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HP laptop does not Turn on


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#1 iamnovice

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Posted 28 May 2010 - 11:56 PM

Hi guys.

My laptop was working since yesterday when suddenly it just shut down and is not powering on anymore.

It's an HP old model actually, HP nc6000.

When i press the power button, the battery light (red) lights and the fan spins then after seconds, it turns off.

I tried testing other adapter coz i was thinking that the problem might be the adapter but when i tried a new one it still does not work. I also tried removing the battery and unplugging the adapter cable and pressed the power button for 30 secs for a few times, returned the battery and plug the power but still, the battery light lights, the fan spins and it dies.

I also tried plugging the adapter while the battery was removed and the red light (battery light) lights, the fan spins and dies.

What should I do?

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#2 MrBruce1959

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Posted 29 May 2010 - 01:39 AM

I have seen this problem posted on this forum more times than I can count LOL.

Its mostly with laptops which are hard to diagnose internal problems.

I have tried to the best of my ability to pin-point the most likely cause and solution, the HP web site has pretty much one solution which you have already tried as you posted above.

Only thing I can suggest is taking the laptop apart and gaining access to the processor and see if something is blocking air-flow or if the heat sink is clogged with dust.

The laptop is fairly old and could be suffering from either corroded internal connections or a component is failing.

A laptop is put together with modular connections, which is ribbon wires with conductive copper ends wedged into compression sockets, they are not soldered like in the old days of solid state electronics. Everything seems to plug in rather than be soldered in. When two metals of different chemistry are mated together this way, they tend to react differently to air and humidity (water vapor) and the results are corrosion. Corrosion can create a barrier that eventually separates the two un-like metals and thus creates a dead or open circuit.

I gave you a brief piece of electronics theory here, so it might help you to realize that the solution may be taking the laptop apart and disconnecting all of the modular parts and re-connecting them.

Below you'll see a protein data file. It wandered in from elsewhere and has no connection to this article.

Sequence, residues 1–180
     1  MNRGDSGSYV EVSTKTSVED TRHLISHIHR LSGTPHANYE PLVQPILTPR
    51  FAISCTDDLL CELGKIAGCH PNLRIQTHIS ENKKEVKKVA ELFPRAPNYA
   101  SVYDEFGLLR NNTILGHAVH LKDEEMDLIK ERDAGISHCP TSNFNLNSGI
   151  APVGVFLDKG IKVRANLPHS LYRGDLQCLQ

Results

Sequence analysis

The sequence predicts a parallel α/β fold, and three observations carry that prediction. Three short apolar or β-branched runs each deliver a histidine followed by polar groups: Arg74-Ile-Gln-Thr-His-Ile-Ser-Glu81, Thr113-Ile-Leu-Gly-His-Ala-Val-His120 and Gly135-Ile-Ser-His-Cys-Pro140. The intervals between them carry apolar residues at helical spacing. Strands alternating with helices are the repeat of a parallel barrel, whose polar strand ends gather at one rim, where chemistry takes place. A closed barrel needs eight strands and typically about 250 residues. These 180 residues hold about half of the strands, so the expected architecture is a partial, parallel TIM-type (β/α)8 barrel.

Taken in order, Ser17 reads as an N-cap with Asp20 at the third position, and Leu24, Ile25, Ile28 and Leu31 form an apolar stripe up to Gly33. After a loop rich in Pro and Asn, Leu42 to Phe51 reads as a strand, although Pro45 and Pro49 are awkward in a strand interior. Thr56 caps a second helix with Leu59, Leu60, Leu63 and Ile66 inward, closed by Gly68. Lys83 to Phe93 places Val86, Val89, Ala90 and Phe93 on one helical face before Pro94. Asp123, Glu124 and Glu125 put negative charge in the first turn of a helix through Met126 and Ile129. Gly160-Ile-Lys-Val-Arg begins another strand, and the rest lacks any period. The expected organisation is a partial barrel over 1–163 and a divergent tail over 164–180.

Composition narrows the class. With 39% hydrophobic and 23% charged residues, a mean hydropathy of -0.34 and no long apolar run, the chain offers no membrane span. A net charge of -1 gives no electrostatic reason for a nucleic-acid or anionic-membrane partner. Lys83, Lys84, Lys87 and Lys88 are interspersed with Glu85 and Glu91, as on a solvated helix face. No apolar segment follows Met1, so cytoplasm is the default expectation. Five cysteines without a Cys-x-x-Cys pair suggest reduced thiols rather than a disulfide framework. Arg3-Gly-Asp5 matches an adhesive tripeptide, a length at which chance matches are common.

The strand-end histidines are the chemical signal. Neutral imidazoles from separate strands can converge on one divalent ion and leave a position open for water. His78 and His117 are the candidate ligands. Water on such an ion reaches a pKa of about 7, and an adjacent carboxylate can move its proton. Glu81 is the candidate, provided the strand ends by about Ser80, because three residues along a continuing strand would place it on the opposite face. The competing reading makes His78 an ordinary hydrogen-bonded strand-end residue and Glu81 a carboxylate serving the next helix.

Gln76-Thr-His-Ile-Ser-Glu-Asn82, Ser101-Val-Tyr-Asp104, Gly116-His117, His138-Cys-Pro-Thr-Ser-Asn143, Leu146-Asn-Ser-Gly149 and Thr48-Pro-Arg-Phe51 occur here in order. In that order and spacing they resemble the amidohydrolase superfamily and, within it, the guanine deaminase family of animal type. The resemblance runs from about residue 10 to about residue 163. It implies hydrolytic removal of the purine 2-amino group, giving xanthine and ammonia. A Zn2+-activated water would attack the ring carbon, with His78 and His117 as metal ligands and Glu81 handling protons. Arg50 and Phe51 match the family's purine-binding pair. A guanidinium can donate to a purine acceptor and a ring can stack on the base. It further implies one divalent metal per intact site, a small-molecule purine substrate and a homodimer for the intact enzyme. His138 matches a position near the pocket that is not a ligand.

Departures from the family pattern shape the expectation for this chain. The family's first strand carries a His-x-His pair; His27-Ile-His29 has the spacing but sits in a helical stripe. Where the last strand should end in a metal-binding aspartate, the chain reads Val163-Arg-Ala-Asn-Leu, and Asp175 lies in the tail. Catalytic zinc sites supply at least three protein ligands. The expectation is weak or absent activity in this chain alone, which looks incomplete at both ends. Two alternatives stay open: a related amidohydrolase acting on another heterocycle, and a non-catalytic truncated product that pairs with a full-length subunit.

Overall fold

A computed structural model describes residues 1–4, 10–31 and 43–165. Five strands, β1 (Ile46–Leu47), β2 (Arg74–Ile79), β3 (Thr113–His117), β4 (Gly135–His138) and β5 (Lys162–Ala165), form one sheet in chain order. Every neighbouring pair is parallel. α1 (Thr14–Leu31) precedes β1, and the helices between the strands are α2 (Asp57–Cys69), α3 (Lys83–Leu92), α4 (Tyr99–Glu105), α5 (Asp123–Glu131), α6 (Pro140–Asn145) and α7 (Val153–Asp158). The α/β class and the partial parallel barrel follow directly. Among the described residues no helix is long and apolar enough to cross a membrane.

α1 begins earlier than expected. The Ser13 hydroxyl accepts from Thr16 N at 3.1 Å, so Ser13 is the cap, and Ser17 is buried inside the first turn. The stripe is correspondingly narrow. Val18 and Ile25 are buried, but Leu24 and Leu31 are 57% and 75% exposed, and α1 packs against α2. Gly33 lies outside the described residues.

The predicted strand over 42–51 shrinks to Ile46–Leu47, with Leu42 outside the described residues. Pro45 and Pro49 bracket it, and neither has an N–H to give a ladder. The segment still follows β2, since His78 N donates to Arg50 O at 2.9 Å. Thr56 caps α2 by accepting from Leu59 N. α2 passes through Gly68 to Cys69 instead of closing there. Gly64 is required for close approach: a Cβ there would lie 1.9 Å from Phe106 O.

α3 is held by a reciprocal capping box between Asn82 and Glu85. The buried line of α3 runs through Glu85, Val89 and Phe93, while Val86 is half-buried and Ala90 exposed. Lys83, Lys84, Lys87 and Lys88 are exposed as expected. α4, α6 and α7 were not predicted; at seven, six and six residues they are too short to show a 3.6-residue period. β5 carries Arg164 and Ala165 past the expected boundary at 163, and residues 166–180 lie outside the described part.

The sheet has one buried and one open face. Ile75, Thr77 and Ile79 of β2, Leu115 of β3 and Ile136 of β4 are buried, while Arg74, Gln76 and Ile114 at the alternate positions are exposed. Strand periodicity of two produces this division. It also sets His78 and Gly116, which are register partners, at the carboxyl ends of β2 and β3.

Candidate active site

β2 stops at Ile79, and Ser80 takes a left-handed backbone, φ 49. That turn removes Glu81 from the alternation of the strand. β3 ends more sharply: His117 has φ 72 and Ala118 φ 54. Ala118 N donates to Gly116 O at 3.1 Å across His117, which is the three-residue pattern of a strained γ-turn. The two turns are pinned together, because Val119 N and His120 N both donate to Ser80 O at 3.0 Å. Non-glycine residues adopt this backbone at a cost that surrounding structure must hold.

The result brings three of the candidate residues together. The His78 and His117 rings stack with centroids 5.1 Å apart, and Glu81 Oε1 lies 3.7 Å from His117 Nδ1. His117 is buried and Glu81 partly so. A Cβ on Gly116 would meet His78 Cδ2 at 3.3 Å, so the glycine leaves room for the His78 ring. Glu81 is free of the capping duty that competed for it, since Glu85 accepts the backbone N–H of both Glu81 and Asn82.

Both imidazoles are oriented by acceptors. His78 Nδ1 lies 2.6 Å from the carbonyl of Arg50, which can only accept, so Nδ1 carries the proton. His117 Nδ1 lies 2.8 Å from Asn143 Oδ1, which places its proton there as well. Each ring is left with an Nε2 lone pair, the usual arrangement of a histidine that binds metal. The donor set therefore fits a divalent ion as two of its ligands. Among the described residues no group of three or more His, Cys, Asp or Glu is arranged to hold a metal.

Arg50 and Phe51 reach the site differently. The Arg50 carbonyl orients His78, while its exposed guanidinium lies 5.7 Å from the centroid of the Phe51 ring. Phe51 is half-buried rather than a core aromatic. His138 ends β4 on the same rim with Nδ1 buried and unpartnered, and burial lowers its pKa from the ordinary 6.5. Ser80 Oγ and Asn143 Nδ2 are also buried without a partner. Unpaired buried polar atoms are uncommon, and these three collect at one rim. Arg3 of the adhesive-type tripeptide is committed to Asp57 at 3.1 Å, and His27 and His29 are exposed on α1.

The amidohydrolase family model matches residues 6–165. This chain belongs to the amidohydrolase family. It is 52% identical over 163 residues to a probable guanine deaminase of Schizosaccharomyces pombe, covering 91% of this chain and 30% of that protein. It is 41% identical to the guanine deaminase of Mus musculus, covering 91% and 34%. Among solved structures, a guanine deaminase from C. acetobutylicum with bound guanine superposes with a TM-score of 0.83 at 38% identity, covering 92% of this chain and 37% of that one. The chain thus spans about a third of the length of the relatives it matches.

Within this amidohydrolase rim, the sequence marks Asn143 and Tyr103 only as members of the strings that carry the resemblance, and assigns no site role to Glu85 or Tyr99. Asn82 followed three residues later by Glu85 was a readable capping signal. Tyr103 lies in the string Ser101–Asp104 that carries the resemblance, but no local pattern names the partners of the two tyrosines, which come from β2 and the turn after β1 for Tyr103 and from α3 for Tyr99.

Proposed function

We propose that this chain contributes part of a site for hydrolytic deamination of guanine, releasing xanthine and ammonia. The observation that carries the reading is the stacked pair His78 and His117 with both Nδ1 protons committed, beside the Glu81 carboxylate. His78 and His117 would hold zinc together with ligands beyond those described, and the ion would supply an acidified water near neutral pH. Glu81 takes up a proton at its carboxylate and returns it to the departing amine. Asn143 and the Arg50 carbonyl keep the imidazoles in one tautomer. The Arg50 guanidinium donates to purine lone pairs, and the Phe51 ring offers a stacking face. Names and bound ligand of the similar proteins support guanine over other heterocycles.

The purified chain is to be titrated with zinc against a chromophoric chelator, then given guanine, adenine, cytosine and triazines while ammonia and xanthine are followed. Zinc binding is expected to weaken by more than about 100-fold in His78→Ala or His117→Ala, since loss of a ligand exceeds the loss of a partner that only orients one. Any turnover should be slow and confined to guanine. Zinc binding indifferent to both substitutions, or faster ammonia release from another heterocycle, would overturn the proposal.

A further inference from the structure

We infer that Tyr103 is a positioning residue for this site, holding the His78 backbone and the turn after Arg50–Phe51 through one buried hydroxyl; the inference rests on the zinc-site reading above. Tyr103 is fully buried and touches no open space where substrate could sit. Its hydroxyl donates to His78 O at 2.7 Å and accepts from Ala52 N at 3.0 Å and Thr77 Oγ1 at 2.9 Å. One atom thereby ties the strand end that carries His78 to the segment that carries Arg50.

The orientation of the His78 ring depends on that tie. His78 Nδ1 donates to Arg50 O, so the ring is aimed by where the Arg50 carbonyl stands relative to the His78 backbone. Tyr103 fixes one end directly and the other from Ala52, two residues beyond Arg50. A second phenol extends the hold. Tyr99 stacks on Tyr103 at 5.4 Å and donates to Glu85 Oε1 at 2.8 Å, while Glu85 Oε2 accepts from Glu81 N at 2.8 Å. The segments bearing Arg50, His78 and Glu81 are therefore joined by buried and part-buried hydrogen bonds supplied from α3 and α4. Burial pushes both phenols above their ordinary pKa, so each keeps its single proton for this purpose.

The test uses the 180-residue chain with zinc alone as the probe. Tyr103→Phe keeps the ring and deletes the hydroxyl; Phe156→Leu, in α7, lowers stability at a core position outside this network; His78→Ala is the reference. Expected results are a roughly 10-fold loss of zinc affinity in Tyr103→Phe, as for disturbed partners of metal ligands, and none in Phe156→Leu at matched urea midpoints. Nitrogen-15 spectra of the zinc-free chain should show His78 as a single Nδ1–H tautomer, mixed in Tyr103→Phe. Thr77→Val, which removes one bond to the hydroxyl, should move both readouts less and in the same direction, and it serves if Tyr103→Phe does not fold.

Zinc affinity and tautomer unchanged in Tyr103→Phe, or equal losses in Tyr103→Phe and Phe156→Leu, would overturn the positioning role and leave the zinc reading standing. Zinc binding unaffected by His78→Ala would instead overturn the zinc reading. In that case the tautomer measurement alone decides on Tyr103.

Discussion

This process disturbs the corrosion and makes the connection a closed circuit again.

Taking a laptop apart is not easy the first time around and I suggest if you attempt this, you keep track of how and where everything goes when re-assembling it again.

This web site below is for several Toshiba laptop disassemblies, but if you click the numerous links on this page it might give you an idea how to take your laptop apart.

http://www.irisvista.com/tech/

By the way this site is free, each set of instructions has links near bottom of each page for the next page with continued instructions such as page 1 page 2 page 3 etc.

Hope this helps you, at the very least, you'll learn how to disassemble several Toshiba laptops :thumbsup:

Edited by MrBruce1959, 29 May 2010 - 01:49 AM.

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#3 iamnovice

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Posted 31 May 2010 - 07:48 PM

mr bruce,

i did not realize that ill get a quick response. thanks.

ill try your suggestions. but if nothing happens, what shall i do? well, im not being a pessimist here... it's only that, id like to know what would be the next step if the first plan will not work, and im hoping that the next plan is not throwing the laptop to the bin :D:D:D.

again, thank you very much.


me

#4 MrBruce1959

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Posted 31 May 2010 - 09:37 PM

Well you might find something that isn't quite right when you start exploring the insides of the laptop and find once you make a correction things will work as they should.

You might for example find lint clogged in the area of the heat sink preventing the air pushed from the cooling fan from performing its primary function of removing the heat from the processor core.
This is often found to be the most common problem found with laptops because they are usually exposed to many different environments.

Connections inside the laptop become loose from constant handling and being bumped around during transit, something a desktop computer seldom ever faces.

Laptops also face issues with batteries that are found to be defective and can explode, requiring factory recalls.

Laptops also face a lot of internal connection issues because their wiring is basically wedged into the connectors instead of soldered in. (these are those wide wires that look like strips of ribbons with gold stripes running their length.

So its hard to say at this point, until you gain access into the workings of the device.
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